Progress in science can take time, and it can seem like a really long slog when so many people are looking to you for breakthroughs that could save their life or the life of someone they love. But progress is being made in stem cell research with a growing number of promising therapies moving out of the lab and into clinical trials in people.
For proof of that here is one slide from a presentation that Dr. Ellen Feigal, our Senior Vice President for Research and Development, made at our March Board meeting. It shows how the Disease Teams we are funding are moving rapidly towards clinical trials. In fact of the first 14 Disease Teams we funded, nine have successfully progressed to the point where they are either already enrolling patients for clinical trials or expect to be enrolling patients by the end of this year, and they just began the CIRM part of their projects in 2010.
The upward slope of the graph above shows how each year more and more of the projects we fund are meeting the targets we have set for them with an ultimate goal of reaching a clinical trial. One of the major milestones in reaching clinical trials is filing the so-called Investigational New Drug (IND) application to the Food and Drug Administration (FDA). This is such an important step that research teams frequently organize “pre-IND” meetings with the FDA to make sure that all their ducks are in a row. Acceptance of the IND is a green light to begin testing the stem cell-based therapy in people.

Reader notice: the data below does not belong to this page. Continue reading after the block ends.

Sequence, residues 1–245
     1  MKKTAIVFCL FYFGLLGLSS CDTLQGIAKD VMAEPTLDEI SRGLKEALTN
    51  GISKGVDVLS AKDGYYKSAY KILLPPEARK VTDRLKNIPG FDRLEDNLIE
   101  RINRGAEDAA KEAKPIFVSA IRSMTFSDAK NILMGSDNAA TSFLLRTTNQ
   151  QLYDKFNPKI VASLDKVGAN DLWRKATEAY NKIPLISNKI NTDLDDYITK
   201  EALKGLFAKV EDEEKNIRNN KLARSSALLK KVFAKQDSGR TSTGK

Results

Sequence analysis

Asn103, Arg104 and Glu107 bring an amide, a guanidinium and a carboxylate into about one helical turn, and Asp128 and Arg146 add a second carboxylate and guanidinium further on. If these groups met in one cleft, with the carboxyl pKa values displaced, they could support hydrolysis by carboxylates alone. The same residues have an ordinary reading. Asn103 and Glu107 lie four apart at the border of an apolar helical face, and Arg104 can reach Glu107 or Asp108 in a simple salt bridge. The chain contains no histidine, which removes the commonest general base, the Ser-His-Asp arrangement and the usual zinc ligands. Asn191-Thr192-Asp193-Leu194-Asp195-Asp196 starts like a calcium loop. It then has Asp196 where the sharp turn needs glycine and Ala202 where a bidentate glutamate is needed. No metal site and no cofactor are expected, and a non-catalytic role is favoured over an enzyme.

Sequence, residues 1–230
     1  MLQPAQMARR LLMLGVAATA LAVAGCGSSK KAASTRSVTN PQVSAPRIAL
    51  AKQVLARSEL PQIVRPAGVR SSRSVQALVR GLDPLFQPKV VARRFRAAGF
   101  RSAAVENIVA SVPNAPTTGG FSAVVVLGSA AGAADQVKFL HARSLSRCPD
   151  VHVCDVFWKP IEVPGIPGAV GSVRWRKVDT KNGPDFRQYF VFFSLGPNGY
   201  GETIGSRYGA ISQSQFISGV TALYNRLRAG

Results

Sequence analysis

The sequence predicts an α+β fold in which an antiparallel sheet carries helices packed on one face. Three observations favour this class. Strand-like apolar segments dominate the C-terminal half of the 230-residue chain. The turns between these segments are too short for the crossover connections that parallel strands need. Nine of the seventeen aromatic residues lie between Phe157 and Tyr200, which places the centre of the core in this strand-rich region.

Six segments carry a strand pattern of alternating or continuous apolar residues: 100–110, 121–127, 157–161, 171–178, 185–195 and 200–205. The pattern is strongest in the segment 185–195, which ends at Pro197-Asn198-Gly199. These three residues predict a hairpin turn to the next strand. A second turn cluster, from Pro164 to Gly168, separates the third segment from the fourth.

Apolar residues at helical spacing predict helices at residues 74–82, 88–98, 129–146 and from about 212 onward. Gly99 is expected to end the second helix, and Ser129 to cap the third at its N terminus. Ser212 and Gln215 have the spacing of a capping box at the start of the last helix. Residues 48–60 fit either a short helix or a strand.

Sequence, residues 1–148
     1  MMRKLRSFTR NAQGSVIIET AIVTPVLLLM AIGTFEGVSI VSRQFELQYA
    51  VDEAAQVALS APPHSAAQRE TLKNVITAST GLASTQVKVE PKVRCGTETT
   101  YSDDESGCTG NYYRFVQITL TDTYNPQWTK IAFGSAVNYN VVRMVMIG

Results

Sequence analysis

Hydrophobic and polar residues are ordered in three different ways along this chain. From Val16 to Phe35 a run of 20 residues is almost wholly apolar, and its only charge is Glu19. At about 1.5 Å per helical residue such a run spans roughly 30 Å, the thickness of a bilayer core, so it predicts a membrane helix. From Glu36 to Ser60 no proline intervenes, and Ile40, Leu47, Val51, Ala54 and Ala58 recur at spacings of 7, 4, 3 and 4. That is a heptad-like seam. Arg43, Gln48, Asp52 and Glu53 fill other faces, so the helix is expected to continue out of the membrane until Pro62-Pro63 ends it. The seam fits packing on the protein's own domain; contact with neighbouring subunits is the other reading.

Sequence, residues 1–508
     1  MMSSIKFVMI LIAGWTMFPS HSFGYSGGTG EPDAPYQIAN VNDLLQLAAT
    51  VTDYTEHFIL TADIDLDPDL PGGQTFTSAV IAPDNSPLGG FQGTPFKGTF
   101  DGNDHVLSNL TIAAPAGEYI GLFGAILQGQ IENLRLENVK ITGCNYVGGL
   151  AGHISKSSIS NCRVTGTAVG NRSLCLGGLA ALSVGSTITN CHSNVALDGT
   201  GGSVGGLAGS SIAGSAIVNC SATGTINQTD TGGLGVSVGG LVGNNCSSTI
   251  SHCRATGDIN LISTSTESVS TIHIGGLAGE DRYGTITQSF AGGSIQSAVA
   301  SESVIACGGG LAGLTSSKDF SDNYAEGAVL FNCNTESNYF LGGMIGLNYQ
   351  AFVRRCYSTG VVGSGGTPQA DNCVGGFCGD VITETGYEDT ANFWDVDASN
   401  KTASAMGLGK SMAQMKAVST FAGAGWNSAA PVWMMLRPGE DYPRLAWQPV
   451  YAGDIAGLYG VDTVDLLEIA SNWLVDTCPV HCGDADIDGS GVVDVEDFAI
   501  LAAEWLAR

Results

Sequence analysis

As you can see from the chart, the IND meetings, filings, and approvals have steadily increased since we begun our Disease Team programs several years ago.
Two trials are already underway, for HIV/AIDS and congestive heart failure (helping patients who have had a heart attack) and other trials are expected to begin this year in:
• Cancer – leukemia and solid tumor cancers (such as breast and ovarian)
• Degenerative eye disease
• Type 1 diabetes
• Sickle Cell disease
• Beta-thalassemia – a serious and potentially deadly blood disorder
This is an impressive rate of success. Of course this is only the first step towards approval by the FDA and there are many challenges facing all of these therapies, but to get this many projects to this point in such a relatively short time is no small achievement.
It’s unlikely that all of these will ultimately work out, but we’re confident some will. And we have many more on the way.
If you would like to see more of Dr. Feigal’s presentation on the progress we are making, with a lot more detail on what these individual projects are and the impact they could have on California and the U.S., you can find it on our website.